PESTLE is a business analysis tool utilized to make a thorough and systematic evaluation of a business. The process presents decision-makers with better understanding and awareness of the changes occurring or which may occur as a result of influence from the external environment and the effect of these changes to the business (Gillespie, 2007). The tool helps evaluate political, economic, social, technological, legal and environmental factors (Yuksel, 2012). By identifying the significant changes within these landscapes, Starbucks will understand the critical influences in the external environment and their effect on the future of the business. The tool will help identify to what extent governments influence Starbucks by focusing on factors such as trade tariffs, fiscal policy, and tax policies. It will also evaluate the economic factors with resonating long-term impact on Starbucks such as the interest rates, inflation rates, economic growth patterns, and foreign exchange rates. The social environment will also be evaluated to identify the effect of factors such as demographic trends and cultural trends to Starbucks. Furthermore, the innovations in technology are a critical trend of scrutiny to establish their effect on the operations in the food service industry. The legal analysis also helps take into account the various laws that affect Starbucks such as labour laws, safety standards, and consumer laws. Finally, the environmental analysis will facilitate the analysis of the physical environment and the factors affecting production such as climatic changes.

Political factors

A number of political factors serve as either opportunities or threats to the Starbuck business. For instance, the bureaucratic tape in third world countries is a major threat to the business. Regional integration is a current trend that is presenting a great opportunity for Starbucks’ global expansion. Moreover, the efforts by most governments to improve infrastructure offer the company opportunities to access more markets and suppliers. However, the persistence of the bureaucratic tape in most countries continually makes expansion difficult particularly in developing countries (Smithson, 2017). These countries may also be characterised by political instability, wars, and conflicts that may affect business. For instance, the 2003 declaration of war on Iraq by the US led to a boycott of American goods and services and Starbucks suffered a loss. Moreover, Schultz’s close relationship with the Jewish community and the rumors concerning his sponsorship against the Palestine crisis led to the closure of Starbucks stores following security threats.

Notably, the firm sources its raw materials from different suppliers in different countries hence has continually attracted the attention of these countries with regard to Starbucks’ adherence to environmental and social norms and to the sourcing strategies as stipulated by the Fair Trade practices. Moreover, the corporation faces the need to adhere to regulations and laws in these countries since there is increased activism and political awareness in these countries. Starbucks adopted the Fair Trade practices in 2002 and they continually develop agreements with coffee farmers to promote their business (Mahobia, & Jain, 2015). Besides, Starbucks faces regulatory pressures in the US markets. The reason is due to the greater scrutiny of US-based multinationals particularly their business process. Therefore, they can survive in business and enter new markets if such laws are upheld and adhered to as well as a thorough evaluation of the new markets conducted before entry.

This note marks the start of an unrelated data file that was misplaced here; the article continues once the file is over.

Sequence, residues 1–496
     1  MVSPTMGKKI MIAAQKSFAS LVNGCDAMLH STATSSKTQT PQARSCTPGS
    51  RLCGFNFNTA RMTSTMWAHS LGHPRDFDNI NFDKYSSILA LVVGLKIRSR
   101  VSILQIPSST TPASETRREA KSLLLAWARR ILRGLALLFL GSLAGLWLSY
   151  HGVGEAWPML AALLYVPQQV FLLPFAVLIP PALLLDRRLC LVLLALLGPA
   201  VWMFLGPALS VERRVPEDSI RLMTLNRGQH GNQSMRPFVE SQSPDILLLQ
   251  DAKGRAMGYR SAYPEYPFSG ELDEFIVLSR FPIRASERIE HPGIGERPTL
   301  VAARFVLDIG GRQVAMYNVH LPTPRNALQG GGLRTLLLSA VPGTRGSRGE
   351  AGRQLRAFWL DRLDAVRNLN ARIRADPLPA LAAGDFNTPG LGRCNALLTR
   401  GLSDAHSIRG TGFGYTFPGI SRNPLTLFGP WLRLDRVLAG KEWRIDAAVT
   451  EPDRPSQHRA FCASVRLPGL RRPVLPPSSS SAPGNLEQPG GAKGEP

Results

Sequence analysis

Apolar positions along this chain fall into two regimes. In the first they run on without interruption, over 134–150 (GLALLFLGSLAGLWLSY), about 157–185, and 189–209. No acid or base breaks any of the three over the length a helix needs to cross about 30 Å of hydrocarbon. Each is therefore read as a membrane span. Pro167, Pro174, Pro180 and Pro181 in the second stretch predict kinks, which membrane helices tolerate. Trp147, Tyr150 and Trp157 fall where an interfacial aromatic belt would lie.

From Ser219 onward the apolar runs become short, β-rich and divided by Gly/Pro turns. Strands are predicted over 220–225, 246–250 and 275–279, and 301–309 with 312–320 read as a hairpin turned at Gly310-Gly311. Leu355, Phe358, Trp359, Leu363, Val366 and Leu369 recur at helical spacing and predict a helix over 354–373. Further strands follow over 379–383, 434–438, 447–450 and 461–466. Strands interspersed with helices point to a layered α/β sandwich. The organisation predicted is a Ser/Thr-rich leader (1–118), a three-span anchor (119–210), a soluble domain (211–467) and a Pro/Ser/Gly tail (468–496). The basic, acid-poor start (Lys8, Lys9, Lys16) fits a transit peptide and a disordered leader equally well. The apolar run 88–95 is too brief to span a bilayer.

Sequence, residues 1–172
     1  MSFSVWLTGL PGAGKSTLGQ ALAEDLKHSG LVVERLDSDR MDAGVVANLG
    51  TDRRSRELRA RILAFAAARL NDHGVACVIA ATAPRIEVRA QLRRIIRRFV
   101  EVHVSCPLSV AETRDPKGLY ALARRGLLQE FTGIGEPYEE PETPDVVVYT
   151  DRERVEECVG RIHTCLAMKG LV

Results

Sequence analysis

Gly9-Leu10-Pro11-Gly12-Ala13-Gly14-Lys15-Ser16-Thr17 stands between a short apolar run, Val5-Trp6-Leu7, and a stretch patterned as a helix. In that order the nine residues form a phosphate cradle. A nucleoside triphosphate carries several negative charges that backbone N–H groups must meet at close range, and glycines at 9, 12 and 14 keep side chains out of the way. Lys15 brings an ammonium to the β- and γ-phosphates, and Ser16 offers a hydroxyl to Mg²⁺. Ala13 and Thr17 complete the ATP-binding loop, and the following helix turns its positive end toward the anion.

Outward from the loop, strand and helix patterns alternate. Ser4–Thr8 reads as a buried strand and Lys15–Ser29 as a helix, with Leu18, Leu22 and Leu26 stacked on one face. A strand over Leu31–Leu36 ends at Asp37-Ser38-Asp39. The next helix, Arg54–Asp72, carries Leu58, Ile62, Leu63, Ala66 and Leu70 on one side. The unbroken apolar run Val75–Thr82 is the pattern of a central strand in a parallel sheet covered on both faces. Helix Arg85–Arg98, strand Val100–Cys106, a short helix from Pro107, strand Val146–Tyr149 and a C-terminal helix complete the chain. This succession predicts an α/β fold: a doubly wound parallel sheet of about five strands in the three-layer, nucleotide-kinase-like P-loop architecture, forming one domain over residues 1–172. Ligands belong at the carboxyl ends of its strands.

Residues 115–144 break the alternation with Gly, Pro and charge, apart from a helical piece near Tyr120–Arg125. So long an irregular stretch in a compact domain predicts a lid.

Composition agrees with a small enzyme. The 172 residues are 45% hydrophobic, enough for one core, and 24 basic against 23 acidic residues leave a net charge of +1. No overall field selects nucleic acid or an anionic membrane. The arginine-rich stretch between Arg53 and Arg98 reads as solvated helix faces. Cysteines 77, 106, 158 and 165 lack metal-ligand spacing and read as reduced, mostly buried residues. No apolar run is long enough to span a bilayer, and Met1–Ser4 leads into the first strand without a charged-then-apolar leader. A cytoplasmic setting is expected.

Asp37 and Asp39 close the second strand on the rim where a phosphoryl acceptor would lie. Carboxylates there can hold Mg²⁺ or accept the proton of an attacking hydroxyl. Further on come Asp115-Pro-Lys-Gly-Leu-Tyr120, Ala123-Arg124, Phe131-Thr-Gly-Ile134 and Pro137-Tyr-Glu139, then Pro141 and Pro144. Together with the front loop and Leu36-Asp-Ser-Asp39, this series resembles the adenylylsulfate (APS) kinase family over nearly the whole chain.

Economic factors

Various economic changes and conditions are significant to the business. The major economic external factors are the high growth in the developing countries as well as the decrease in the rates of unemployment which create the opportunity for the company to increase its revenues. The company, however, needs to be aware of the changing import laws that may affect the importing. A change in import laws can affect various stages of production and in the end, lead to price changes and reduce consumption levels or sales. Similarly, they need to review the inflation rate which is often increasing and decreasing hence affecting the buying power customers.

An analysis of the company’s revenues against the number of stores from 1971 to 2016 as depicted in Appendix A depicts a positive economic environment. It can be deduced that an increase in the number of stores over the years consequently resulted in an increase in revenues. By 2016, the company registered revenues of $20 billion across 25,000 stores (Rothaermel, 2017). This growth is projected to increase even with the expanding economic opportunities within countries of operations. Nevertheless, the increasing labour costs in the countries of suppliers is a major threat because it implies that Starbucks will spend much more on the raw materials since it sources most of them from developing countries. Notably, the potential risk for a global recession is likely to dent the profitability of the company as that witnessed in 2008 (Latif et al., 2014). With such a potential risk, Starbucks need to consider lower price alternatives for consumers hence create an opportunity to increase profitability. Additionally, the rising labour and operational costs in the macro environment may, in the end, be coupled with decreased profitability, hence Starbucks’ focus on technologies to reduce these costs can result in higher profits.